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Amy mentioned decreasing strikes over time and the possibility of learning
by affected animals.  I wonder if the decreased evidence of strikes could
be due to learning by other animals besides birds.

Given the numbers of cats, foxes, opossums, and raccoons in urban areas,
perhaps some of them have put the building's perimeter on their nightly
foraging rounds.  Migrants are more likely to be on the move during hours
of darkness or poor light, and be unfamiliar with the structures present.
But, not much evidence left in the morning for humans to notice?

Jeff Witters
Olathe, KS

On Tue, Mar 27, 2012 at 12:35 PM, Amy J. Hoffman <[log in to unmask]>wrote:

>  The best way to prevent bird strikes on new buildings is to design them
> to prevent it. Once they're built, the options are limited and visually
> bulky. Even when you consider putting a fine mesh or a see-through
> advertisement on a window, building owners are likely to balk. I know
> that's the case with my office building, one wall of which is entirely
> glass. When you run into owners or managers who don't care about
> conservation, you're pretty much stuck. Even at a place like WashU, where
> you might be able to find more sympathetic listeners, what can you do when
> an entire building's exterior is reflective? I wish more architects would
> push eco-friendly options (to address bird strikes as well as other
> issues), but unfortunately, it's just not always a priority.
>
> I will offer this: We've been in this office with the big window-wall for
> nearly three years now, and the number of bird strikes has decreased.
> Perhaps the birds learn and pass the knowledge on to their young?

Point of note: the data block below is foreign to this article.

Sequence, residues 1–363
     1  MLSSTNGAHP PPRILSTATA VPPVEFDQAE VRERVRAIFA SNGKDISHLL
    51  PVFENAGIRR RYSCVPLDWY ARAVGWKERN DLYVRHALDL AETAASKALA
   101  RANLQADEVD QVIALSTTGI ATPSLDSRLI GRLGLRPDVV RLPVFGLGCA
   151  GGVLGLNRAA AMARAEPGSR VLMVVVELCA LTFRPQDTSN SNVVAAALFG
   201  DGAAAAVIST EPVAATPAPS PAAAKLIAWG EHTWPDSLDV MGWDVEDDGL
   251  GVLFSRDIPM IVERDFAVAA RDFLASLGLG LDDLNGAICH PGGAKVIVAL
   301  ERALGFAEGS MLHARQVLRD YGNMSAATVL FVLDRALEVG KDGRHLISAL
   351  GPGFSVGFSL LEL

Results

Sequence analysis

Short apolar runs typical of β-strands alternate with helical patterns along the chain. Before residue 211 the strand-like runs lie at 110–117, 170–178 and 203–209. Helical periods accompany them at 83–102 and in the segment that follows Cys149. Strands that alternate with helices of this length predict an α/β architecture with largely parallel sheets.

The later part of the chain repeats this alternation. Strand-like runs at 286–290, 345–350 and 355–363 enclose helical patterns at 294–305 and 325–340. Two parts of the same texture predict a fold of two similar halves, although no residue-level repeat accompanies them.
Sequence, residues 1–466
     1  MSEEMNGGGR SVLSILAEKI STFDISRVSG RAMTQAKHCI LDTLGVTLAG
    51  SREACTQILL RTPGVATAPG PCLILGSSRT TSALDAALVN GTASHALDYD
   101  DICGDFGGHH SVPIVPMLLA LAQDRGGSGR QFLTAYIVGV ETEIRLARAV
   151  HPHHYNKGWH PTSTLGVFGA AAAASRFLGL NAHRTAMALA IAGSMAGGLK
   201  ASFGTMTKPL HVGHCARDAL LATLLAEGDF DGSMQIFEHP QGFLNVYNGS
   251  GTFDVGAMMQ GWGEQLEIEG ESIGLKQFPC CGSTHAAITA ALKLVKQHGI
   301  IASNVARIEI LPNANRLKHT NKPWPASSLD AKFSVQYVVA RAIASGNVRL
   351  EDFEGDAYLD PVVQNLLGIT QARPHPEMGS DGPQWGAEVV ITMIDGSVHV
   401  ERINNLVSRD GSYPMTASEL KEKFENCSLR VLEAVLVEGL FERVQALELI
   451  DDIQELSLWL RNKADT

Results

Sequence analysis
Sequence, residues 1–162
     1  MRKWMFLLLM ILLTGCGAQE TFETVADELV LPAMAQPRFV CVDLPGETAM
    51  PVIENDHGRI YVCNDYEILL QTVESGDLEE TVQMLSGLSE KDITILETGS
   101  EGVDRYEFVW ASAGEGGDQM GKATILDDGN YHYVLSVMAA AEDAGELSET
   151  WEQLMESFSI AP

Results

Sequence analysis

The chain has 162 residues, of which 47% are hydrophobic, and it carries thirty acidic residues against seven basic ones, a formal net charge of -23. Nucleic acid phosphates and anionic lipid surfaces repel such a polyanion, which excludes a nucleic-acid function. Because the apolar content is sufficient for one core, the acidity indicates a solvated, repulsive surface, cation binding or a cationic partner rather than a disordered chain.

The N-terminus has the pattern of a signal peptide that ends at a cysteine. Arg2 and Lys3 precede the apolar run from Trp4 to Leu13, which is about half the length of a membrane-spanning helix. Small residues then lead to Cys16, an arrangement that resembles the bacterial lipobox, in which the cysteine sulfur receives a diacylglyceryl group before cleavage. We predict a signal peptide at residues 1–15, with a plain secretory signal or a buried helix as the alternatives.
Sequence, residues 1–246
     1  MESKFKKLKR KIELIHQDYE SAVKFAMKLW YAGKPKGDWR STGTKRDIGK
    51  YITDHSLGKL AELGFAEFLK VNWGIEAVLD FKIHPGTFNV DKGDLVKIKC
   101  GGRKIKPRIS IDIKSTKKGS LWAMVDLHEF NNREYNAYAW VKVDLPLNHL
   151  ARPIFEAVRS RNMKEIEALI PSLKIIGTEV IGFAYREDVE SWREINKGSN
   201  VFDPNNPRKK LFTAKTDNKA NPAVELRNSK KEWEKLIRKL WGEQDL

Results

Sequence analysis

>
> Amy J. Hoffman
> Jefferson City
> Cole County
>
> *Food helps those who help themselves.*
>
>   *From:* John Newman <[log in to unmask]>
> *To:* [log in to unmask]
> *Sent:* Tuesday, March 27, 2012 11:30 AM
> *Subject:* Re: WashU Bird Strikes
>
> Ben
>
> Bird Safe Standards for Buildings (San Francisco Planing) addresses the
> problem comprehensively.
>
> John Newman
> St. Louis
>
> On Mar 27, 2012, at 10:47 AM, Ben Solomon wrote:
>
> > Hi everyone
> >
> > Some of you may be familiar with the new building at the WashU medical
> campus that was completed a little over a year ago. Unfortunately, I have
> anecdotally noticed that this building seems to be causing a surprisingly
> large number of fatal bird strikes. In addition to the resident sparrows
> and pigeons, I've seen multiple species of warblers and ducks that have
> flown into the windows. Sadly, this week one of the Peregrine Falcons,
> chasing something, slammed into a window so hard that it shattered the
> glass. I don't know for sure, but was told that the falcon didn't survive
> and by the look of the glass, I'd be surprised if it did. The building's
> exterior is almost exclusively large reflective glass, which I might guess
> is the problem. I know there are solutions to preventing bird strikes in
> your home, but a solution for a large university building seems more
> difficult. If anyone has any knowledge of instances where large buildings
> like this have been "bird-strike-proofed" I would be interested to hear it
> so that I might be able to pass it on to someone involved in facilities
> management. Thank you!
> >
> > Ben
> > St. Louis
> > ------------------------------------------------------------
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The Audubon Society of Missouri's Wild Bird Discussion Forum
Questions or comments? Email the list owners:
mailto:[log in to unmask]
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http://www.aba.org/about/ethics.html